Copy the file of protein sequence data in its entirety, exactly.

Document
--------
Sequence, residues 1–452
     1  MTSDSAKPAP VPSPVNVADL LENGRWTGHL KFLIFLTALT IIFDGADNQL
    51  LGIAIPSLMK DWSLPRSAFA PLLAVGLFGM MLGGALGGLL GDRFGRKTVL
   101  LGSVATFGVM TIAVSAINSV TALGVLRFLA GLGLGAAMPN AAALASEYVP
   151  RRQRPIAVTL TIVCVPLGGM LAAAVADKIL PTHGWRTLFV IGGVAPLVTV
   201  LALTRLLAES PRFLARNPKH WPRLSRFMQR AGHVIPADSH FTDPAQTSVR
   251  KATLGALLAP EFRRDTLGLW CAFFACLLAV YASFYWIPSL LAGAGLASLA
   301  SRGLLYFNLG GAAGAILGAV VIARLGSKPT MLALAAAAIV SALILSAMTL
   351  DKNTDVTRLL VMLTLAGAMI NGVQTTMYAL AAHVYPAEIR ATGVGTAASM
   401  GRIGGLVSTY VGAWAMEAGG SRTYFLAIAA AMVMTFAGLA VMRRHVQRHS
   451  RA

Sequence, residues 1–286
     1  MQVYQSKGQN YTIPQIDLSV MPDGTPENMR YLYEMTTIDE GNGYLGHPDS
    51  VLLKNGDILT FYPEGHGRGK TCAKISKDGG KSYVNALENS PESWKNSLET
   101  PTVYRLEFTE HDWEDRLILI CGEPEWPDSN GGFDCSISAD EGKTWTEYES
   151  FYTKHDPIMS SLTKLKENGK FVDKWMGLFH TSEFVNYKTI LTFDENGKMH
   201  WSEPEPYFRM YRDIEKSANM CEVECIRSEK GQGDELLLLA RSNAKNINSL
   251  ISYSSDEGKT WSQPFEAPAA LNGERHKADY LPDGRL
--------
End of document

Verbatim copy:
Sequence, residues 1–452
     1  MTSDSAKPAP VPSPVNVADL LENGRWTGHL KFLIFLTALT IIFDGADNQL
    51  LGIAIPSLMK DWSLPRSAFA PLLAVGLFGM MLGGALGGLL GDRFGRKTVL
   101  LGSVATFGVM TIAVSAINSV TALGVLRFLA GLGLGAAMPN AAALASEYVP
   151  RRQRPIAVTL TIVCVPLGGM LAAAVADKIL PTHGWRTLFV IGGVAPLVTV
   201  LALTRLLAES PRFLARNPKH WPRLSRFMQR AGHVIPADSH FTDPAQTSVR
   251  KATLGALLAP EFRRDTLGLW CAFFACLLAV YASFYWIPSL LAGAGLASLA
   301  SRGLLYFNLG GAAGAILGAV VIARLGSKPT MLALAAAAIV SALILSAMTL
   351  DKNTDVTRLL VMLTLAGAMI NGVQTTMYAL AAHVYPAEIR ATGVGTAASM
   401  GRIGGLVSTY VGAWAMEAGG SRTYFLAIAA AMVMTFAGLA VMRRHVQRHS
   451  RA

Sequence, residues 1–286
     1  MQVYQSKGQN YTIPQIDLSV MPDGTPENMR YLYEMTTIDE GNGYLGHPDS
    51  VLLKNGDILT FYPEGHGRGK TCAKISKDGG KSYVNALENS PESWKNSLET
   101  PTVYRLEFTE HDWEDRLILI CGEPEWPDSN GGFDCSISAD EGKTWTEYES
   151  FYTKHDPIMS SLTKLKENGK FVDKWMGLFH TSEFVNYKTI LTFDENGKMH
   201  WSEPEPYFRM YRDIEKSANM CEVECIRSEK GQGDELLLLA RSNAKNINSL
   251  ISYSSDEGKT WSQPFEAPAA LNGERHKADY LPDGRL